What’s In Your Hand? 

Exodus 4:2
“So the Lord said to him, ‘What is that in your hand?’  He said, ‘A rod.’”

This passage has always encouraged me. We find Moses wanting some evidence that God had truly called him, and God chooses to take what was in Moses’ hand and use it in a miraculous way. He did the same thing with the twelve when all they had was five loaves and two fish. He did it with David, when he entered the valley with a sling and a rock. He will do it with us, when we will offer who we are and what we have, for His service.

There are some stories in Scripture that I relate to more than others. However, when Joshua runs toward the Angel of the Lord, or when Abraham rises early to offer his son, I am not sure I picture myself responding in quite the same way. I think I would fit right in with Moses in this account,though. Even after God promises to use what is in his hand, and goes so far as to demonstrate how He would use him, Moses still doubts. I think it is a matter of perspective. Moses looked at how weak he was, while God looked at how strong He is.

If we want God to take what is in our hands and use it for His glory, we must be willing to trust that His strength is always revealed in our weakness. Instead of focussing upon what we cannot do, it is time to focus on what He can do.

Take some time to pray about how God may want to use you, especially in your local church.

Pastor Jim


Shards Of Clay 

Jeremiah 19:1
​”Thus says the Lord: ‘Go and get a potter’s earthen flask, and take some of the elders of the people and some of the elders of the priests.'”

Jeremiah 19:10-11  “Then you shall break the flask in the sight of the men who go with you, and say to them, ‘Thus says the LORD of hosts:’ “Even so I will break this people and this city, as one breaks a potter’s vessel, which cannot be made whole again; and they shall bury them in Tophet till there is no place to bury.””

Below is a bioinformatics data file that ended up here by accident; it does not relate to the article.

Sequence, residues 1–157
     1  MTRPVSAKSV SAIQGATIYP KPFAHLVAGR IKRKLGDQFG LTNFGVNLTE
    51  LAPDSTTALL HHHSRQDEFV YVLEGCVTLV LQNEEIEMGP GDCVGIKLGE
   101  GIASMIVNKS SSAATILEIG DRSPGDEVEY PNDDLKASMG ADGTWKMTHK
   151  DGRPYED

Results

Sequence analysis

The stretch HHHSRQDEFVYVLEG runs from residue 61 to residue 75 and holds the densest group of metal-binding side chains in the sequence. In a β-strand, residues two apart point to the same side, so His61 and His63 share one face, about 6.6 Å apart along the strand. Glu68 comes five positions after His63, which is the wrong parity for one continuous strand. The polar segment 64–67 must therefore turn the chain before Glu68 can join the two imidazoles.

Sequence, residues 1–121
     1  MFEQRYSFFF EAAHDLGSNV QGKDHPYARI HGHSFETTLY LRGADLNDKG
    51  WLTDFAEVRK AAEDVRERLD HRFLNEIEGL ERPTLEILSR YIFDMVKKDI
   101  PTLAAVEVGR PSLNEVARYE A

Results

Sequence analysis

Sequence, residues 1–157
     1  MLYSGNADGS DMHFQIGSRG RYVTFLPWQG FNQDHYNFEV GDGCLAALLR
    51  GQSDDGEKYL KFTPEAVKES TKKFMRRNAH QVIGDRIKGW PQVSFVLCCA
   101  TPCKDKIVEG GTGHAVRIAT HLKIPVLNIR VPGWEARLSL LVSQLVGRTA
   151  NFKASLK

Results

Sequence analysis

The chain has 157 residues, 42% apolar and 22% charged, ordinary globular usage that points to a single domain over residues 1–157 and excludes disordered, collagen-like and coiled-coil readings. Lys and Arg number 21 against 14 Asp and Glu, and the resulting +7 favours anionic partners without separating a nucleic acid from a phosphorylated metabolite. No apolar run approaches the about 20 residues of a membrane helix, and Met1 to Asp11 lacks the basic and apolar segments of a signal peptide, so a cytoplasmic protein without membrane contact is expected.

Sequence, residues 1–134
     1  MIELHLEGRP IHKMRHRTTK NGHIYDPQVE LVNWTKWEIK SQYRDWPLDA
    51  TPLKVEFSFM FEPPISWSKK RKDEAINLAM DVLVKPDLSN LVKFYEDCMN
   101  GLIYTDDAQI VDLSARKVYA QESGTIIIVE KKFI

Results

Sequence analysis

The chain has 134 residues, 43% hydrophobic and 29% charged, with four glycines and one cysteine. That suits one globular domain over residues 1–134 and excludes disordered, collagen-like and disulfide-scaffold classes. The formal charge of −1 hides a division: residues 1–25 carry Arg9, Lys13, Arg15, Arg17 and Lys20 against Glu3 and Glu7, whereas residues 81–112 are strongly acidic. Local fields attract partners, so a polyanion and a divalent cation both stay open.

Sometimes Jeremiah not only taught the Word, but he also illustrated it quite graphically. On this occasion, he was to take a flask in his hands as he spoke to the people. They would see themselves as the earthen vessel that had been created by the potter. At some point in his message, he cast the flask on he ground and the people watched as it shattered into pieces. These shards of pottery now spoke of the broken lives of those who continued to resist the Lord, and stubbornly followed the dictates of their own hearts. It does not take a genius to realize, it would be better to have a life like a beautiful piece of pottery, than a broken shard of clay.

Instead of resisting the Lord and fighting against His word, we should submit to His ways, no matter how counterintuitive they may seem. When we do, we are allowing ourselves to sit on the potter’s wheel and be shaped into His image. There is nothing greater than to be transformed into a vessel that is useful to the Potter.

2 Timothy 2:21 “Therefore if anyone cleanses himself from the latter, he will be a vessel for honor, sanctified and useful for the Master, prepared for every good work.”

Pastor Jim


What Happened To Me? 

Philippians 1:12-14
But I want you to know, brethren, that the things which happened to me have actually turned out for the furtherance of the gospel, so that it has become evident to the whole palace guard, and to all the rest, that my chains are in Christ; and most of the brethren in the Lord, having become confident by my chains, are much more bold to speak the word without fear.”

As Paul is writing this letter to the church in Philippi, he is chained to a soldier and sitting in a Roman prison. He was incarcerated, not for making foolish decisions, choosing the wrong path, or getting in with the wrong crowd. His imprisonment was due to a rising hostility in the Roman world towards the message of the cross. We might say, Paul was facing difficulties outside of his control. Life is like that. Even when we decide to live pleasing to the Lord, we still face hardship, difficulty and opposition. It interests me what Paul has to say about the results of his hardship.

“The things which happened to me have actually turned out for the furtherance of the gospel, . . .

In the midst of the storm he was facing, Paul realized that while it was creating hardship for him, it was also creating opportunity for others to come to Christ, or grow in Christ. He wrote of how the palace guard had come to know that his chains were in Christ. Rather than whining in prison about how unfair life was, Paul used his circumstances as a chance to tell others about the forgiveness of sins found in Jesus. While it is always easier to speak of Jesus when we are experiencing the blessings of life, the message has an added impact when it is shared through the backdrop of suffering. What a thrilling experience it must have been for those guards, to meet a man who was in prison and was actually innocent. Instead of hearing him complain, and play the blame game, they listened intently as he shared about the love of Christ, and the way of salvation. In Chapter 4, he mentions that the gospel message even reached into Caesar’s household, and many were won to Christ.

“. . .most of the brethren in the Lord, having become confident by my chains, are much more bold to speak the word without fear.”